Leadership is communication

  • Communicate a vision. Communicate needs. Communicate challenges. Communicate principles. Communicate expectations.
  • The more important the information, the more it must be repeated. Say it different ways, in different contexts, and in different mediums.
  • It’s usually better to communicate the key point inelegantly than to delay the message until you can polish it. But know when that’s not the case. (See: Done is better than perfect.)
  • Communicate what you’re going to do before you do it–with your boss so they are in the loop and can sign off, and with your team, so they can provide feedback.

The role of leaders is to cast a vision of the future.

For example:

  • “Our product should be so user-friendly that customers are amazed how fast it loads.”
  • Imagine how much our customers would love our product if it was so intuitive that we didn’t have to provide training.”
  • Imagine such an energizing and supportive office environment that people wanted to RTO voluntarily when possible?”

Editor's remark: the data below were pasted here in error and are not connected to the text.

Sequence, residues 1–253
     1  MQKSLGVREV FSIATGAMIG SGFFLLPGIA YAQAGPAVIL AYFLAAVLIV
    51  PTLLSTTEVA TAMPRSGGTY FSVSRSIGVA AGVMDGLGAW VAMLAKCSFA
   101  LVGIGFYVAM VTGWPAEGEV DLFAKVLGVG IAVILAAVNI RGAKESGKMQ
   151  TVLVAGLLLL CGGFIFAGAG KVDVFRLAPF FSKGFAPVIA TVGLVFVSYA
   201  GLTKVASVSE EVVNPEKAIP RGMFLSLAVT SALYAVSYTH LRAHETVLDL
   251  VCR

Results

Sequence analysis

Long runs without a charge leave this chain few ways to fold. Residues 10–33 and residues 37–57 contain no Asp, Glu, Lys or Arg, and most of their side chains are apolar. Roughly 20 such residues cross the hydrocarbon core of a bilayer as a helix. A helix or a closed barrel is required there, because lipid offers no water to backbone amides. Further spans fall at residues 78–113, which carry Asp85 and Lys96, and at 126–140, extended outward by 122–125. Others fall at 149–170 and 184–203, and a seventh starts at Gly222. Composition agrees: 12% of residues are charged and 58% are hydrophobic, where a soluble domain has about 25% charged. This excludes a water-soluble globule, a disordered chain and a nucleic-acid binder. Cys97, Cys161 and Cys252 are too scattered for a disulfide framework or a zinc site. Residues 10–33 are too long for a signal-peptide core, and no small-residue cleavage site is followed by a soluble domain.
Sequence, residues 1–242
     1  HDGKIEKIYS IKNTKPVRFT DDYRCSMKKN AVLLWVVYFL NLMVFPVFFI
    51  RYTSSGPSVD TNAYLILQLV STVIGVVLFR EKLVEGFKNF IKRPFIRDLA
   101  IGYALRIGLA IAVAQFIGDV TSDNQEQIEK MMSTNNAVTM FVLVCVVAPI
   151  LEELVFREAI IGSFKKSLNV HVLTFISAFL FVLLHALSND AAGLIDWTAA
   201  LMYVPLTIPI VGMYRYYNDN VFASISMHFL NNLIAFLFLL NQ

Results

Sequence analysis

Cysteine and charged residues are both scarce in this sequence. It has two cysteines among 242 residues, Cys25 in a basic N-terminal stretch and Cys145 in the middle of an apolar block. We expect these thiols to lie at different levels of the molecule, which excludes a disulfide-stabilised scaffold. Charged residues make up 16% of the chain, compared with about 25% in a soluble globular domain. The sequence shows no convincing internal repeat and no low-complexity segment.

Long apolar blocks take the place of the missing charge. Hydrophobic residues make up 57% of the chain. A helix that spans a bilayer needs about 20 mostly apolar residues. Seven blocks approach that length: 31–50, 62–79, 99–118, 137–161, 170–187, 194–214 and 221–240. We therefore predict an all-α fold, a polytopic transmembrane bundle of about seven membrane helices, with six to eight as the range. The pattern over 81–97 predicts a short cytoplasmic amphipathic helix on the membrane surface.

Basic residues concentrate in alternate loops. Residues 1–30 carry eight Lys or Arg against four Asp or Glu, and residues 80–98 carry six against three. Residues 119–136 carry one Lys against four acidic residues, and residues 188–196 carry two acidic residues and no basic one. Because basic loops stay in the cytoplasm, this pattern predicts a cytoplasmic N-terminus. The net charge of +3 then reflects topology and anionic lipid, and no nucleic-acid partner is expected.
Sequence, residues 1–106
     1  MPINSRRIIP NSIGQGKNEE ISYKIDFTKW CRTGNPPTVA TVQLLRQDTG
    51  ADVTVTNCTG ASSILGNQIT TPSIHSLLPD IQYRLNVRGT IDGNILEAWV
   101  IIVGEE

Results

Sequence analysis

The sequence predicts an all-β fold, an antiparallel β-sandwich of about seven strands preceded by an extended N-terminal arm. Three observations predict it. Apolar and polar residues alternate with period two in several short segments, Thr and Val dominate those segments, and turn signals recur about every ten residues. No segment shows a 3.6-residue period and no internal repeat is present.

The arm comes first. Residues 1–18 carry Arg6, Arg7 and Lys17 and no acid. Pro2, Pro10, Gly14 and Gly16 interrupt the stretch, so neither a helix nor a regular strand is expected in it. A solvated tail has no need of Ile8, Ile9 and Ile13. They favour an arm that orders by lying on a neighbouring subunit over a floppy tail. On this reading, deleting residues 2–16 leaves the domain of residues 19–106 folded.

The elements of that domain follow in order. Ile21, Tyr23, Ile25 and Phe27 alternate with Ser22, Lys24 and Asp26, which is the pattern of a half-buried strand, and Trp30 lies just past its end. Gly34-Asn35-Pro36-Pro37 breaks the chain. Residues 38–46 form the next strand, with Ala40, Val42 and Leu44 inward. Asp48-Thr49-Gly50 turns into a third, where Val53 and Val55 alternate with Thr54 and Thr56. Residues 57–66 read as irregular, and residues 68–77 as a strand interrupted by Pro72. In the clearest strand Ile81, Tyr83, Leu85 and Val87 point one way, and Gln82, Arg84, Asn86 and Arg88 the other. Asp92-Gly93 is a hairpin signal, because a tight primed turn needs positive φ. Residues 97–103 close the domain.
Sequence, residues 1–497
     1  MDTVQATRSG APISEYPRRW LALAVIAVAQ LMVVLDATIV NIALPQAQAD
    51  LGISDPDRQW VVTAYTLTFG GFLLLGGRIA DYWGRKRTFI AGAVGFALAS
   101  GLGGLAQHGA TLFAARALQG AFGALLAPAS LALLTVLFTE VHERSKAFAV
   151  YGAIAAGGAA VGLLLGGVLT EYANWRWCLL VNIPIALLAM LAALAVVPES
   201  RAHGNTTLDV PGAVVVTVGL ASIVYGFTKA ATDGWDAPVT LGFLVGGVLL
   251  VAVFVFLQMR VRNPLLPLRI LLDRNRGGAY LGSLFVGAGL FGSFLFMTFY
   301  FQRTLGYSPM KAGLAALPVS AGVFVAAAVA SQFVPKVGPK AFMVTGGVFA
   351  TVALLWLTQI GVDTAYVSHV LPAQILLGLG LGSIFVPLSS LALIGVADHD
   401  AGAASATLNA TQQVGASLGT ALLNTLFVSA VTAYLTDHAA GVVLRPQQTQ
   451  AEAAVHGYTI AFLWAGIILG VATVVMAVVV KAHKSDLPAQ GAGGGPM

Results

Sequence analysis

The leader’s role is to set objectives and create clarity by setting priorities.

“We need to find a way to keep two days per week free of meetings.” (And don’t forget to sell it: “Imagine how much more productive our developers would be if they didn’t lose so much time to context switching.”)

However, the leader’s role is not to identify how to accomplish those objectives. That’s for the team members to solve. The leader’s role to set clear objectives, with the input of the team, and then get out of the way so the team can determine the how.

Sometimes it is the leader’s role to make difficult decisions. “Let’s slow down on developing new features until we can make our existing features faster.” And to support them. “I’ll go to the stakeholders and explain why we need to delay that project to focus on quality.” But the leader should not be making most decisions for the team. In general, if the leader has to make decisions, they become the bottleneck. The team can only be as good as the leader. The team is limited by the leader’s expertise, and in today’s world, there is too much for any one person to know. This is why the leader is better off pushing authority down and delegating decisions to the people with more expertise.

Copyright © 2023 Richard Morgan.